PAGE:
Spartan supplies industrial pretreatment systems which allows customers to meet their permit requirements and lower
sewer surcharges. These systems combine ozone generators with other equipment to achieve high BOD/COD
reductions. To learn more about our systems call 800-492-1252 (toll free), e-mail us at info@spartanwatertreatment.
com or follow the link below to our product data sheet: on the GasTran System including information on BOD/COD
Industrial facilities that discharge their waste water to a publicly owned treatment works (POTW) must insure that their
waste water meets certain standards. These rules are designed to insure that the POTW can meet its own discharge
requirements for what ever body of water where the treated water will go. There is usually a list of materials that can not
be discharged to the sewer system above certain levels for example cyanides and heavy metals. In addition, the POTW
may also place limits on BOD, COD and TSS. These limits are designed to insure that the POTW has the capacity to treat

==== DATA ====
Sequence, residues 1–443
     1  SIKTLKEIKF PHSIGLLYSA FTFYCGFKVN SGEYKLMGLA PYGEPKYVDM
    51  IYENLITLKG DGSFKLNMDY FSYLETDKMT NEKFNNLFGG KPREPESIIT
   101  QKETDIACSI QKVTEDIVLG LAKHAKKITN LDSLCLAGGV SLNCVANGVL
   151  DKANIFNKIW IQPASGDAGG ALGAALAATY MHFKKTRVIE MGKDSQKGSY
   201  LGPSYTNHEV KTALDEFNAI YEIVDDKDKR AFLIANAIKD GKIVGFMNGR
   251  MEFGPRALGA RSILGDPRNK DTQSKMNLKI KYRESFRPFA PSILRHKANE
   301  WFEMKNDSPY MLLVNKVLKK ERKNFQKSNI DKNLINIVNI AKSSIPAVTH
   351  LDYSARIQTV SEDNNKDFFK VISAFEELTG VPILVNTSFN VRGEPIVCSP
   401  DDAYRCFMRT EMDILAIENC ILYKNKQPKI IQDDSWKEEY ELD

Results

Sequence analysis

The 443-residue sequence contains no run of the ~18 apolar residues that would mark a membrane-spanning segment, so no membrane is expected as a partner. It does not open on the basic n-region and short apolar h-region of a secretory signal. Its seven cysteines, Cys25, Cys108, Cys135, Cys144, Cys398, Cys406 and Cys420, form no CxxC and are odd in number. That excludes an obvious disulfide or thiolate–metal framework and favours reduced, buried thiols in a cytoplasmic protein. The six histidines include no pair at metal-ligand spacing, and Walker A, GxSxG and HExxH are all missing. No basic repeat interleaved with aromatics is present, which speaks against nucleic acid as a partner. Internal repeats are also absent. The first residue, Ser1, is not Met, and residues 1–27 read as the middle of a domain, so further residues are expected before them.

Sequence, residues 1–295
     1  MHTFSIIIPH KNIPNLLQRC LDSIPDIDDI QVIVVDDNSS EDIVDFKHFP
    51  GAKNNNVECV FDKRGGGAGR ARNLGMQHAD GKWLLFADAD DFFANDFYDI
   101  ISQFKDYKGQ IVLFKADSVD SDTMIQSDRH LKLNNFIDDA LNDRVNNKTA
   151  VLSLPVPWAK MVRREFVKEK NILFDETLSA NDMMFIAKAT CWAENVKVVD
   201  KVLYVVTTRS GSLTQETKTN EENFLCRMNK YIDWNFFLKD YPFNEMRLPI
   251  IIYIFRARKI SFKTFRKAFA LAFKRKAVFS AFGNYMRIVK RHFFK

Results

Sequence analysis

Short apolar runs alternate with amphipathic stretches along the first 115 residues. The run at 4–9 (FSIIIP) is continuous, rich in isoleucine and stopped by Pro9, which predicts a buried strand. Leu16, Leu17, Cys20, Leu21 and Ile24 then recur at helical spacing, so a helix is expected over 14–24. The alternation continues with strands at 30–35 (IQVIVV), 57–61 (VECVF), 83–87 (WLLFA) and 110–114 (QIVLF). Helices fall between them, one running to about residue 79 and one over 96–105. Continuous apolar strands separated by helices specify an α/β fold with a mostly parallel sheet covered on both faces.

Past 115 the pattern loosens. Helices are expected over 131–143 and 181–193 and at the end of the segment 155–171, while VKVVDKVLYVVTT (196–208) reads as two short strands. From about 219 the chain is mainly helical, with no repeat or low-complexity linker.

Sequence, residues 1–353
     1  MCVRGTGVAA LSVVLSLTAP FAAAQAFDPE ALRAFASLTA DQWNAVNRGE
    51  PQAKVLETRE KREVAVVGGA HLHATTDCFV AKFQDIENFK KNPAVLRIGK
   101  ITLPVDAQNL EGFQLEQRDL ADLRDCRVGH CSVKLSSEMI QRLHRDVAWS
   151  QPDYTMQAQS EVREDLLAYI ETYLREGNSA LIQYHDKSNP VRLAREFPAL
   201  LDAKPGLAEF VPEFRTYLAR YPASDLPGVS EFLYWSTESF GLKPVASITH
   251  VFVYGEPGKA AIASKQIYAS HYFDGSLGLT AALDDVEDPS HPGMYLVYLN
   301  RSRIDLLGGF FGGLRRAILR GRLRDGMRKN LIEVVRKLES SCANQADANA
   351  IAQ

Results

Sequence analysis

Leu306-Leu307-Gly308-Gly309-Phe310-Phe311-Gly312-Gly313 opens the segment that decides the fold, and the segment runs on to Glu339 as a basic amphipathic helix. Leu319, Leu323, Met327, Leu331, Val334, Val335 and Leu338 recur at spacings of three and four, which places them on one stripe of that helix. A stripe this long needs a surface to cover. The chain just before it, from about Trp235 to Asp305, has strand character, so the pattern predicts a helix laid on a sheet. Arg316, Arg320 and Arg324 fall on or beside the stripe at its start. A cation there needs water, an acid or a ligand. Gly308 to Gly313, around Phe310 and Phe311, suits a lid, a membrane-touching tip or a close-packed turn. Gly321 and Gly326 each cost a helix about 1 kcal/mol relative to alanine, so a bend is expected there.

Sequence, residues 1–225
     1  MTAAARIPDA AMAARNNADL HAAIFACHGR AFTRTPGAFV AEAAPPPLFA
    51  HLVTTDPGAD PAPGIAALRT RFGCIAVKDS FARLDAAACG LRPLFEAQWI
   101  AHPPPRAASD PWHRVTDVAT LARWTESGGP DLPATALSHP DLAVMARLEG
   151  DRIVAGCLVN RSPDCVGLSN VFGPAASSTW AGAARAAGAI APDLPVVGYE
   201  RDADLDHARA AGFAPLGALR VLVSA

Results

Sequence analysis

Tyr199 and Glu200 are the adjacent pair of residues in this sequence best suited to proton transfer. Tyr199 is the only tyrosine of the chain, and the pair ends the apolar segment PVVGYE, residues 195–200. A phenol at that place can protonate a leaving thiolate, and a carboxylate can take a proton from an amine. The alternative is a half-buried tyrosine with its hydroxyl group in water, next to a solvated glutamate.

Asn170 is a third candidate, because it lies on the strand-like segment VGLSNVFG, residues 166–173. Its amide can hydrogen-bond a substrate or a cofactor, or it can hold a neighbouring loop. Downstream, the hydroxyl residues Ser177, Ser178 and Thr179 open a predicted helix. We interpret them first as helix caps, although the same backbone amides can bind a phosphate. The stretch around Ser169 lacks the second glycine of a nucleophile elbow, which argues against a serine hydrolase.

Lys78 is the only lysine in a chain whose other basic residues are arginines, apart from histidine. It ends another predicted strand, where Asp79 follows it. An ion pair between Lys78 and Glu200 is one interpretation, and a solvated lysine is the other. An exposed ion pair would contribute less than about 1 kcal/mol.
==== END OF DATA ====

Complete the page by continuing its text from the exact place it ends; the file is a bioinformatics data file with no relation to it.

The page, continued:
the waste water that is being fed to the facility.
In most cases, even for permitted discharges, the POTW may levy surcharges for BOD, COD and TSS. These may be based on amounts above a minimum level of BOD, COD and TSS or on any BOD, COD or TSS discharged. In the case of BOD, charges range from $0.02/lb BOD to $0.60/lb BOD. Additional surcharges for COD and TSS are also levied in certain jurisdictions. Excursions outside of the permitted discharge for BOD, COD and TSS can result in fines in addition to the surcharges.
As an example, for a facility with waste water flows of 150 gpm with BOD of 500 mg/l over the minimum amount for a surcharge and a surcharge rate of $0.30/lb BOD, the monthly cost would be over $8,000. In these cases, pretreatment for BOD reduction using Spartan pretreatment systems can result in payback periods of 1-1.5 years.
Beyond the costs associated with sewer surcharges and fines, discharges to POTW are a matter of the public record. Certain groups track these discharges and publish them via the Internet. An example is the Right-to-Know Network (www. rtknet.org), a service of OMB Watch, provides free access to numerous environmental databases. With the information available on Right-to-Know Network, you can identify specific factories and their environmental effects, and assess the people and communities affected. Many industrial clients would prefer to maintain a positive environmental image in their communities.